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Ego and Strife in MotoGP

Story by David Booth//
July 4 2023

It’s hard not to notice how badly Japanese manufacturers are doing in MotoGP of late. Suzuki, of course, has already abandoned ship, Honda has a motorcycle no one but Marc Marquez — and he, only barely — can ride and Fabio Quartararo looks so hand-dog depressed that moms around the world want to give him a hug and a Xanax. Both brands, long so dominant in motorcycling’s top echelon of racing, now look as pathetic as the CRT (Claiming Rule Teams) machines that clogged tracks in the early ’10s.

The question is, where do they go from here? At least one pundit — Jeremy McWilliams, former GP winner — says that we “could lose one or two manufacturers over the next couple of years.” And yes, he’s talking about Honda and Yamaha.

I agree with him. As tiny as the odds of Honda or Yamaha quitting might seem, they’re not nearly as long as betting on the status quo. Neither company, frankly, can stand to be at the bottom of the MotoGP barrel for very much longer.

Technologically, Yamaha would seem to have the longest road to rehabilitation. For reasons too lengthy for this column, their engine is simply no longer competitive. It appears — and certainly the M1’s performance over the last few years would appear to bear this out — that an inline four cannot be made competitive with the V4s all the other marques now employ. No change in crankshaft orientation, primary header length or combustion chamber shape — all of which, we can be sure, have been futzed with over the last few years — has altered the fact that the M1 is not only the slowest machine in a straight line, it is also now the hardest machine, save perhaps the Honda, to ride. Things are so bad that pundits at Crash.net are calling for concessions, like those once offered for rookie manufacturers, for anyone running inline four engines.

More importantly, because of priorities — more on that subject in a moment — and history, there is almost no chance the company will change its commitment to four pistons all in a row. The company has precious little experience with Vee engines, little incentive to build them for production bikes and, if the last few years are any indication, the factory seems completely unmotivated. Indeed, if the decision for the company’s top mandarins comes down to building a V4 or quitting, I’m betting they quit.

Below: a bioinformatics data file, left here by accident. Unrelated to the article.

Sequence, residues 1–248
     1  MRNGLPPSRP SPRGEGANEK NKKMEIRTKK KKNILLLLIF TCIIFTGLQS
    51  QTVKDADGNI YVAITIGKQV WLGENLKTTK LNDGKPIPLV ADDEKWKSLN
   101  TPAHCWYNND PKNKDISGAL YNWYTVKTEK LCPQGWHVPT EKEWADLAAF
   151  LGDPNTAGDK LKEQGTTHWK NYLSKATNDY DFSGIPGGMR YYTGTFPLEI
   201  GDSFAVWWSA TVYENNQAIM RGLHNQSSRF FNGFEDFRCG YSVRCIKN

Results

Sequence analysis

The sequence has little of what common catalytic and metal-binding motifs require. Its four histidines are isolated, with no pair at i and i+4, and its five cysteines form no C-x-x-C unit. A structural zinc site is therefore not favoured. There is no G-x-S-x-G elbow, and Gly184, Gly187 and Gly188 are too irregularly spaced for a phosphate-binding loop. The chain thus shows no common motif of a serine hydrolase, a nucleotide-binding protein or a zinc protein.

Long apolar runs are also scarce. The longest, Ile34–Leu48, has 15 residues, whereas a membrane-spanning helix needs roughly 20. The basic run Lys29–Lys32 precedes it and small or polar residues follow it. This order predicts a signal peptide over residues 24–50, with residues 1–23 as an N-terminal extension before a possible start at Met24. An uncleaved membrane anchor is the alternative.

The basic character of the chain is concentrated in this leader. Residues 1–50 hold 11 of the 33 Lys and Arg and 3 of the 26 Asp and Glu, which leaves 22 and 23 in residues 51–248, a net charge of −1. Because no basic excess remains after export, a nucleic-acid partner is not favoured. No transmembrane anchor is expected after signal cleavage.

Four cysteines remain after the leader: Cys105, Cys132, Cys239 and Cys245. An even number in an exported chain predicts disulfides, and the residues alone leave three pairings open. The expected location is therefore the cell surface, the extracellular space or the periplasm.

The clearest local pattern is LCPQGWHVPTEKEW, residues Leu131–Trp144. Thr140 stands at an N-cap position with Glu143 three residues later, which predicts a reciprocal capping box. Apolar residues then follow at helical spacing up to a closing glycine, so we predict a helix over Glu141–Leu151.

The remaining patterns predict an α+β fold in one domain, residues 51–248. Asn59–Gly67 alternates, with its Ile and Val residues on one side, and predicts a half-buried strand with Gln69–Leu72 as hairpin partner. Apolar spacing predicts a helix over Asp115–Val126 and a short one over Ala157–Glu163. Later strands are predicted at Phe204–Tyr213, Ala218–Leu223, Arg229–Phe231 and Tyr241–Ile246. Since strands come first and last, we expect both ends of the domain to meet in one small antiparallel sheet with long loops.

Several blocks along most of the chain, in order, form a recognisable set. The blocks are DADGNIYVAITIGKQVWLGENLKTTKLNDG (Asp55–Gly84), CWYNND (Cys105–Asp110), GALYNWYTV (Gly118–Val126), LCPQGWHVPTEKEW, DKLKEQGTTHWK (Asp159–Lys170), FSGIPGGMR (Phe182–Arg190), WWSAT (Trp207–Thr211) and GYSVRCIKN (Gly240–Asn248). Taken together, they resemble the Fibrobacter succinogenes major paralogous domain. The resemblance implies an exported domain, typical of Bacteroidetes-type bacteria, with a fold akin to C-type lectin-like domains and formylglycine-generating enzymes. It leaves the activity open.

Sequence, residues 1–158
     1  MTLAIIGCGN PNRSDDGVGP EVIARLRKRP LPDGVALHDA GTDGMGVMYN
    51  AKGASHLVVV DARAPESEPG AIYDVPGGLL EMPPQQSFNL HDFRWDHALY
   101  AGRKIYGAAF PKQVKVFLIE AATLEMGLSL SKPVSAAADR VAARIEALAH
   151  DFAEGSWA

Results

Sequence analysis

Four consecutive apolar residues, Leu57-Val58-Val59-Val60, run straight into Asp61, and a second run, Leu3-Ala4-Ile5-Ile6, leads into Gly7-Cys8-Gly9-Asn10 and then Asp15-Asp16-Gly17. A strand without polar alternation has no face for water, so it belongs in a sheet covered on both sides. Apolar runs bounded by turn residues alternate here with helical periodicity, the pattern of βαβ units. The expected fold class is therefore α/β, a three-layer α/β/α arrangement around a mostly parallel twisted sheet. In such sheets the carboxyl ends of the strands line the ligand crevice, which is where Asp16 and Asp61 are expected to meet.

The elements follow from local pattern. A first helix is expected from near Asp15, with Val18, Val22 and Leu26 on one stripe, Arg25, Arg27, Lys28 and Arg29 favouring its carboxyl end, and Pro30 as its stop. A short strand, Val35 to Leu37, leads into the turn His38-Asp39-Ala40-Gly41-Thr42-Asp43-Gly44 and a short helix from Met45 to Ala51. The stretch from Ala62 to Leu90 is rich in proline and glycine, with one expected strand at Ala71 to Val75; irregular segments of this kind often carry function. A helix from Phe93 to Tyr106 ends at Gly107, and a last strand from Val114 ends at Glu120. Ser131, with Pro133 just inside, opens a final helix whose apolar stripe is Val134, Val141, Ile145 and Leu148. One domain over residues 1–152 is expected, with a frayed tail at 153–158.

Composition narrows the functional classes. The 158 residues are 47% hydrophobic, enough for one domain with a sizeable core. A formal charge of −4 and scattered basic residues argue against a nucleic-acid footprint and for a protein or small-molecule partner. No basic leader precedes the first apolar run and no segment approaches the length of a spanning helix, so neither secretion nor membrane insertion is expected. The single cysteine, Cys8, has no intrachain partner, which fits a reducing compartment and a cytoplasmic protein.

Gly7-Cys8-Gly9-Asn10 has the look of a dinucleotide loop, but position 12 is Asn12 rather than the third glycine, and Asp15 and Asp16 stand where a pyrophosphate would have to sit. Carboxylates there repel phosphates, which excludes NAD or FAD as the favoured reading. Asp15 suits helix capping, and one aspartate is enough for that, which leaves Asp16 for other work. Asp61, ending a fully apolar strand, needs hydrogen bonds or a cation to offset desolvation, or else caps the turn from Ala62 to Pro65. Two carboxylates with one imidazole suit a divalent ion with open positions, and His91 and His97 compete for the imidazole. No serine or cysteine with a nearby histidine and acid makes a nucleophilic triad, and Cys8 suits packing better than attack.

Honda’s impediment is more psychological. Ephemeral as that may seem, especially in a sport dominated by hard parts and horsepower, I think it more debilitating to Honda’s survival in MotoGP than Yamaha’s mere engine troubles.

Honda has an ego problem. Honda, simply put, is used to winning. And even that, by its lofty standards, is not enough. Not only must it dominate the competition, but it must be clear that the winning it takes for granted must be because of the company’s technological prowess and not rider talent. The reason Honda so casually let Valentino Rossi go to Yamaha is that they got tired of winning the championship with the best rider in the world. They wanted to prove their machine so superior that the championship, in fact, would still be theirs, ridden by his lesser.

Imagine their humiliation now. In the space of short five years, they have gone from the mere shame of requiring the best rider in the world — that would be the aforementioned Marc Marquez — to earn a title to the hard-biting ignominy of having even number 93 unable to get a sniff of the title these last four years.
As if that isn’t enough, former world champion Joan Mir recently went public — after the Le Mans round — with the hope that the RC213V doesn’t ruin his career as it did those of Jorge Lorenzo and Pol Espargaro. And, as if things couldn’t possibly get worse, it turns out that Honda, the winningest marque GP motorcycle racing has ever seen, has now had to turn to some itty-bitty German parvenue — Kalex — to build them a frame just to get once-mighty Repsol Honda out of the basement in MotoGP’s team championship.

Nor should it come as much of a surprise that Honda and Yamaha are suffering while KTM, Ducati and Aprilia are thriving. At its core, the problem is that they lack motivation. Look back over the headlines of the last few years and the one important difference between the winners in MotoGP — again, KTM, Ducati and Aprilia — and the losers (the Japanese marques, including the already departed Suzuki) is this: The Europeans have, to varying degrees, stated that internal combustion, at least for large, high-performance motorcycles, will last through the near- and even medium-term future. The Japanese, in contrast, have embraced an all-electric future far more emphatically.

More to the point, while the three Europeans thrive on selling big, powerful motorcycles to traditional first world motorcyclists, it appears that the Japanese manufacturers are drifting toward selling (easily electrified) scooters in alternative markets. Certainly, their respective showrooms over the last decade point to the Japanese having lost interest in big-cube motorcycles while European big bikes thrive.

In other words, the reason Honda and Yamaha are losing is because they see no future in selling production versions of the motorcycles they are racing. That’s also why they might pull out of MotoGP.

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